• Accommodation Service
  • SUAS - Students' Unions' Advice Service


The Graduate Union’s ongoing work


Supervisor Training

One of the biggest areas of concern for postgraduate students is their relationship with their supervisor. Breakdown of relationships with the supervisor can lead to mental health concerns, career hurdles and general obstacles to student well-being. We believe one of many methods to build good student-supervisor relationship is by better training supervisors. We believe the University must implement mandatory supervisor training to communicate a basic standard of conduct expected from all supervisors. We currently envision this training as an introductory online course developed by the Education Services, in collaboration with the Graduate Union, Departments, Faculties and Schools, and the Researcher Development Programme (RDP). We believe refresher training courses also need to be administered for more experienced supervisors. You can read our petition to the university’s vice chancellor asking for mandatory supervisor training here.


Departmental Welfare

Postgraduate students are often more closely associated with their departments than their colleges. The lack of welfare provisions and support in departments is a matter of grave concern. To address this gap, The Graduate Union Council has passed a policy on 6 June 2019 to make welfare and wellbeing support systems in departments a priority.

As part of the GU Departmental Welfare campaign, we are lobbying for each faculty, department and school to appoint one academic as a point of contact for students who have welfare concerns. This individual will signpost relevant services to students. The former GU vice president Mritunjoy Guha Majundar was successful in working with the following departments to appoint a welfare point of contact for students: Cavendish Laboratory, Clinical Neurosciences (Addenbrookes), Mitochondrial Biological Unit of the MRC Laboratory of Molecular Biology. Moreover, the Institute of Astronomy, Department of Engineering and Department of Public Health and Primary Care that have expressed interest in appointing their own welfare contacts.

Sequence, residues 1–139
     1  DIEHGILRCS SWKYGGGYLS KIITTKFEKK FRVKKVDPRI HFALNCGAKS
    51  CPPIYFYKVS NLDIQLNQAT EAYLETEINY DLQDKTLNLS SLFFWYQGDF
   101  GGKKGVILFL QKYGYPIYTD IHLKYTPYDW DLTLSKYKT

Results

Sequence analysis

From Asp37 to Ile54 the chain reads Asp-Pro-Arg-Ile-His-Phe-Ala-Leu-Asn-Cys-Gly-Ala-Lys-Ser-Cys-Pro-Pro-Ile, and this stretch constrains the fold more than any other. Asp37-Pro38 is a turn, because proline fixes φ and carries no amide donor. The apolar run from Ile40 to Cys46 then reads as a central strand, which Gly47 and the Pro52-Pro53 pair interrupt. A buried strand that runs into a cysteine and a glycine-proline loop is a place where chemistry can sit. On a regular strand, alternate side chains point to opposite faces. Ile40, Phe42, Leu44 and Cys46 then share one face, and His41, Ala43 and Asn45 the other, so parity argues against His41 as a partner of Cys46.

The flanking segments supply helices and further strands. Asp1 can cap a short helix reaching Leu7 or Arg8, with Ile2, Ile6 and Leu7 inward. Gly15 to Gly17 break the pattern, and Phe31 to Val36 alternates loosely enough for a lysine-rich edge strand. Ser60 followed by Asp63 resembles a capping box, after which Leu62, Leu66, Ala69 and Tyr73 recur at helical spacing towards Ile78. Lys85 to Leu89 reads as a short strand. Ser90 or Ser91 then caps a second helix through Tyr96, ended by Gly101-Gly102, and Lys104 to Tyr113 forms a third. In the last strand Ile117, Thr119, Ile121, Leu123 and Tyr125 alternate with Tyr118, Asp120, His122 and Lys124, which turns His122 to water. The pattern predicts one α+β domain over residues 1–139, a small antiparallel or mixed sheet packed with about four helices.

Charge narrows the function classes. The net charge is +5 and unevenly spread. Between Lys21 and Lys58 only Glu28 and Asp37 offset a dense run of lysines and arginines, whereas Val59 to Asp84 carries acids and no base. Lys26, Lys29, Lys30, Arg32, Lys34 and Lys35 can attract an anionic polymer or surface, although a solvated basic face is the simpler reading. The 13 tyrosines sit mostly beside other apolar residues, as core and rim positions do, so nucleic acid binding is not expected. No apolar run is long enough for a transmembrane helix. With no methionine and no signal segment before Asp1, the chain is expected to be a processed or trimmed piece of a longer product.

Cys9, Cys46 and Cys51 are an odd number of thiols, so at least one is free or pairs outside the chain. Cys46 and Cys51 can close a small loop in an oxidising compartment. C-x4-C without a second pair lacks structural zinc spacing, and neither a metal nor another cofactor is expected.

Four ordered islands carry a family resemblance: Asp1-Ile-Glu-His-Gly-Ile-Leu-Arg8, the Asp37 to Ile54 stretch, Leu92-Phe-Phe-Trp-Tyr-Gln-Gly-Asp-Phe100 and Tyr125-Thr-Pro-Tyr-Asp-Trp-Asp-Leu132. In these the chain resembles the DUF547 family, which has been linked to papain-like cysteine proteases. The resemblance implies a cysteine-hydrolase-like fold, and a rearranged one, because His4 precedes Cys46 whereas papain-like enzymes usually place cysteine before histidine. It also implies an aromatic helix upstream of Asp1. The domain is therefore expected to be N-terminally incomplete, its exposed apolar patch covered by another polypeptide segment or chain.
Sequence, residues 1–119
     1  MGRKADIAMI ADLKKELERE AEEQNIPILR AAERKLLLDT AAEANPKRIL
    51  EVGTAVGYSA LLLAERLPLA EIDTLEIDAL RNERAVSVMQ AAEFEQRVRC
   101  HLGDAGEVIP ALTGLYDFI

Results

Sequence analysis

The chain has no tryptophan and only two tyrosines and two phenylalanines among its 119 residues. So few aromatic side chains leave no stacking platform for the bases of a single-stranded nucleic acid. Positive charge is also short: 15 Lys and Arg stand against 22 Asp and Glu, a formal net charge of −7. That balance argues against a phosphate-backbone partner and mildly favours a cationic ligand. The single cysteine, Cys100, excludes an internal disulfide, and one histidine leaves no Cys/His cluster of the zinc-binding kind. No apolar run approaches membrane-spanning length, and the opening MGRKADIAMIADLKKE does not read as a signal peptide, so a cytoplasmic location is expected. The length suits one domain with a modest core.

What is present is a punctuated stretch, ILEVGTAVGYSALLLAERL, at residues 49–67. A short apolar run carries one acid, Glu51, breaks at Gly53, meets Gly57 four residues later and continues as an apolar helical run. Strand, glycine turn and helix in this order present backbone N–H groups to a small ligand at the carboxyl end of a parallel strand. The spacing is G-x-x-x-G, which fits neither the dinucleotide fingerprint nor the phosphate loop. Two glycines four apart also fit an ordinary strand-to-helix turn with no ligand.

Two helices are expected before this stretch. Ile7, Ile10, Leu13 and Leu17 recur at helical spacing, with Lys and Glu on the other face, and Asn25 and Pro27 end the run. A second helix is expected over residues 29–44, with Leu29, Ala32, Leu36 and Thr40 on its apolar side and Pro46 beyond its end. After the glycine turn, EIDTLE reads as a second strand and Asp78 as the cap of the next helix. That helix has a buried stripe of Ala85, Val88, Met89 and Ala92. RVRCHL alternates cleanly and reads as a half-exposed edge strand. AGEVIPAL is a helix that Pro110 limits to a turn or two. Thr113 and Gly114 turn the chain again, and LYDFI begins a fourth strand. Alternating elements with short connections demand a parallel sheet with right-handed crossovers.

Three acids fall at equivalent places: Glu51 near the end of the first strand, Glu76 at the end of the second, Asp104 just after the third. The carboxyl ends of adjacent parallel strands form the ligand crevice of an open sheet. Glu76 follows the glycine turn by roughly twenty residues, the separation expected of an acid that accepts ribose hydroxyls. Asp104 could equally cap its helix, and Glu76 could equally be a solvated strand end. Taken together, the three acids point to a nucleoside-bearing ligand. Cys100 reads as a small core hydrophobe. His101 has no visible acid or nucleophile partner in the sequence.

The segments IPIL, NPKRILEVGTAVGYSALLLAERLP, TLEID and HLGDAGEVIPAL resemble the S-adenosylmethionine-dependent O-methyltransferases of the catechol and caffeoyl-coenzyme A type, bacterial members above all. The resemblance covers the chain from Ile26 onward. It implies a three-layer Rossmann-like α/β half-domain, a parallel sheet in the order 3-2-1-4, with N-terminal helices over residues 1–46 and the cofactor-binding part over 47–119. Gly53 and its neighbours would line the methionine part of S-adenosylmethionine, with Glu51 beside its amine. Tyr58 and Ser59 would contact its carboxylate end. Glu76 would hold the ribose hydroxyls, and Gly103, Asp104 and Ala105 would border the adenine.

Changing the Culture of Ph.D. Supervisions

The GU has been lobbying to introduce a contract system for PhDs with the Pro Vice Chancellor, Board of Graduate Studies and Education Policy office. We have been successful in including a signature page in the Code of Practice 2018/2019. From October 2018, PhD students, their supervisor(s) and advisors are expected to read the Code of Practice and sign their commitment to abide by it.

A Research and Resources Overview form is a tool to help set clear expectations about the PhD research between the supervisors and students. Supervisors are encouraged to fill this form together with their students.  The form can be found here.

An anonymous student feedback system on supervisors and supervisions has been developed. Students can provide anonymous reports to the Office of Student Conduct, Complaints and Appeals (OSCCA). The collection of feedback will be shared periodically with relevant Departments or Faculties. 


Rights of academics as members of staff

Many postgraduate students are also employed in various capacities by the University and College during their course of study. We have been working on the GU-UCU ‘Raise the Bar’ initiative on anti-casualisation.

We are lobbying University bodies on all fronts of postgraduate welfare such as, working hours, conflict resolution mechanisms, intermission and extension provisions, maternity and paternity leave, data ethics, fieldwork practices, vacation, and sick leave.